Lent is upon us. Every year, we are given the gift of this 40-day period to prepare ourselves to fully celebrate the Easter Mystery and grow stronger on our Christian journey.

Many Catholics don’t know that Lent has its roots in the earliest expression of the Sacrament of Reconciliation. In the first years of the Church, mortal sinners would make a public confession to the community, which in turn would acknowledge these sins. Then, the bishop would impose a penance for each sinner that would last their lifetime. After a given period of time, the bishop would publicly absolve the penitents, welcoming them back to the Eucharist. This early practice morphed into the Lent we know today.

By receiving the ashes on Ash Wednesday at the onset of Lent, we are making a public declaration that we are sinners, much like the penitents of old. What we do in penance for our sins, however, is up to us.

Let us prepare to receive the fullness of the grace of God by using the gift of Lent to grow in faith and love.

Though many give up a favorite food or drink during Lent, I believe we can grow in our relationship with Christ by relating our self-imposed penance to our sins. For instance, if I have a habit of criticizing others, an appropriate penance might be to focus on saying something positive at least once a day about someone in my life. If I have a bad habit of overindulging in food, besides self-denial, I might repent by volunteering in a soup kitchen. By creating our own penance in a way that acknowledges our sins and strives to make amends for them, we are working with the Spirit for the renewal that lies at the heart of the Easter season.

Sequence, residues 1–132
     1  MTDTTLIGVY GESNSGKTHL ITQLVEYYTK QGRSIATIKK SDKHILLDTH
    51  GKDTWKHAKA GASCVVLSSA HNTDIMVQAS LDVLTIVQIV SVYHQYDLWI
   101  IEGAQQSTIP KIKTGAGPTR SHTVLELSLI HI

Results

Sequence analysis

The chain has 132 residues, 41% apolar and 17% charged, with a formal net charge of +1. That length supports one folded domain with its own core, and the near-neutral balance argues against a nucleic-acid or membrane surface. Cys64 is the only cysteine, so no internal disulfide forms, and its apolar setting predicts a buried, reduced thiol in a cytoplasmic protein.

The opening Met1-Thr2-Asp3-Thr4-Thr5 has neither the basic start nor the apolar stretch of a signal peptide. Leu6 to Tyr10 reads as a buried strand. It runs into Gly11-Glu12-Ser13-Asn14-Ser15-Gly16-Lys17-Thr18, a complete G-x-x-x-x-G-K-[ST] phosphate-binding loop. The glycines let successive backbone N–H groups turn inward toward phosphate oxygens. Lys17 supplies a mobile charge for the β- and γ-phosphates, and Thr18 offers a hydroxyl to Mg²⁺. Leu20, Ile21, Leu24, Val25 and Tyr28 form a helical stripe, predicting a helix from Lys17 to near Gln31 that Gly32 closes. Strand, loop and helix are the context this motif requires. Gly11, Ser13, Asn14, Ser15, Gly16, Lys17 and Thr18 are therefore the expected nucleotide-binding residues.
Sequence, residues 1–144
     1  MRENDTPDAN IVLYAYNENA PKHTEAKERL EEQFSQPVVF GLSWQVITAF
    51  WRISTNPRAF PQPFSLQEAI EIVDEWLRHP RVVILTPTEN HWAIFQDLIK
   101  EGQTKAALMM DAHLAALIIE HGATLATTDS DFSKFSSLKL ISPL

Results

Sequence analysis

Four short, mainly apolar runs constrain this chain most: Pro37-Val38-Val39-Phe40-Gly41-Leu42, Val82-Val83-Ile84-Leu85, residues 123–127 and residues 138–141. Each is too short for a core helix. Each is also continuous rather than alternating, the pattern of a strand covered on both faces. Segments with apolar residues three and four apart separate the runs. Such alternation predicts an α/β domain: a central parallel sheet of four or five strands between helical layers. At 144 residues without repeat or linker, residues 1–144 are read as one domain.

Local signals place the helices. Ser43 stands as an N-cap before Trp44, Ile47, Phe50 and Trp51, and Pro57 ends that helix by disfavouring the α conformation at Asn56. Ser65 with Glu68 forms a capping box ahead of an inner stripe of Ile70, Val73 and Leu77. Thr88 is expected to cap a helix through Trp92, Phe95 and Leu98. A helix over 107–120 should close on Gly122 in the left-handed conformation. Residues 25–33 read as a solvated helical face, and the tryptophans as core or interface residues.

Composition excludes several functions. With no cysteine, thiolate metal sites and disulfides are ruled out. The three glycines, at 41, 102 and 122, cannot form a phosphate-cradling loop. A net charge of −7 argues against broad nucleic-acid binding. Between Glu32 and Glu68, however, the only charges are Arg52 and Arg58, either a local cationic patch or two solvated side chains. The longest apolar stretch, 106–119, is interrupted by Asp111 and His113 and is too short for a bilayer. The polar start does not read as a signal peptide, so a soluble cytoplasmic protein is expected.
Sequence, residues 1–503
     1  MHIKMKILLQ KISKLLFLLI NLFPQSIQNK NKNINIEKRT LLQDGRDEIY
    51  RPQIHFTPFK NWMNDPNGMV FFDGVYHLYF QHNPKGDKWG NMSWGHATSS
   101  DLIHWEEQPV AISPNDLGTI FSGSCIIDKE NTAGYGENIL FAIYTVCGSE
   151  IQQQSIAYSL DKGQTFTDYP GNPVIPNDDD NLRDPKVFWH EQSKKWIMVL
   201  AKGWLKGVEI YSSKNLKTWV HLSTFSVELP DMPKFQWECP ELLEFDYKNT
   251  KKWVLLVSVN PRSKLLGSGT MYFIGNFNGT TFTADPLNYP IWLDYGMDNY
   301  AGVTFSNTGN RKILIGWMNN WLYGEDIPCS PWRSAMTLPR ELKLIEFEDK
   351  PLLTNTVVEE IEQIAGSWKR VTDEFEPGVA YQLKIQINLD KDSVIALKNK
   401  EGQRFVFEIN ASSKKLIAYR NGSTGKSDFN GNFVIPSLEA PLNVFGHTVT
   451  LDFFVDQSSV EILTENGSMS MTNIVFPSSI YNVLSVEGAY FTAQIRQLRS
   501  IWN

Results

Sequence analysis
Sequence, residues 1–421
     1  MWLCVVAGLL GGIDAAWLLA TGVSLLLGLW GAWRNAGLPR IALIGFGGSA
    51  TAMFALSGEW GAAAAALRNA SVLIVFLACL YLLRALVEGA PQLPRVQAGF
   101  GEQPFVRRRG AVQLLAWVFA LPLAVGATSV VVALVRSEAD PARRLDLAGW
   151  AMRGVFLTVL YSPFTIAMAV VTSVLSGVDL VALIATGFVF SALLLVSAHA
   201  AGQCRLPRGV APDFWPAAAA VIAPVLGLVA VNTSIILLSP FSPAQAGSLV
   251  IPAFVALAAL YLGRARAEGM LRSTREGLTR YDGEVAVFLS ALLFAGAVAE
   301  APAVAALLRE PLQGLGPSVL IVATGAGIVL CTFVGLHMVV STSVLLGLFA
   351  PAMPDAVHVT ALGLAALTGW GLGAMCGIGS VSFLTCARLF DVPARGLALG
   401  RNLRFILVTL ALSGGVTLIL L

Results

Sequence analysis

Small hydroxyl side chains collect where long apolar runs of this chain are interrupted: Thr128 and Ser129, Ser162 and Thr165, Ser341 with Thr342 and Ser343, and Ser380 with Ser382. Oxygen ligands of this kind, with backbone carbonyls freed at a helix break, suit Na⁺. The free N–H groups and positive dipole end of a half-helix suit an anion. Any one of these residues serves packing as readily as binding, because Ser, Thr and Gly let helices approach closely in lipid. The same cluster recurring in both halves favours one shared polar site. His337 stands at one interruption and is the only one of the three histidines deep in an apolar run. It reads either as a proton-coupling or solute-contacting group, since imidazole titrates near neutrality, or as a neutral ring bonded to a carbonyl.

Likewise, when we fast during Lent, we allow ourselves to enter a state of heightened awareness and renewal that this age-old practice can bring. Fasting is not simply about punishing or depriving ourselves. Rather, it is meant to be a spiritual exercise to deepen our Christian lives and to create an awareness of God and solidarity with those in our world who have less than we.  Fasting can teach us how to go further in our relationship with God, as well as with those around us.

As Catholics, Easter Sunday is the highest holy day for us. Let us prepare to receive the fullness of the grace of God by using the gift of Lent to grow in faith and love.

May the joy of the Easter season be with you.

Father Bob Rossi, O.S.C., is a Grief Counselor for Catholic Cemeteries and Funeral Homes.

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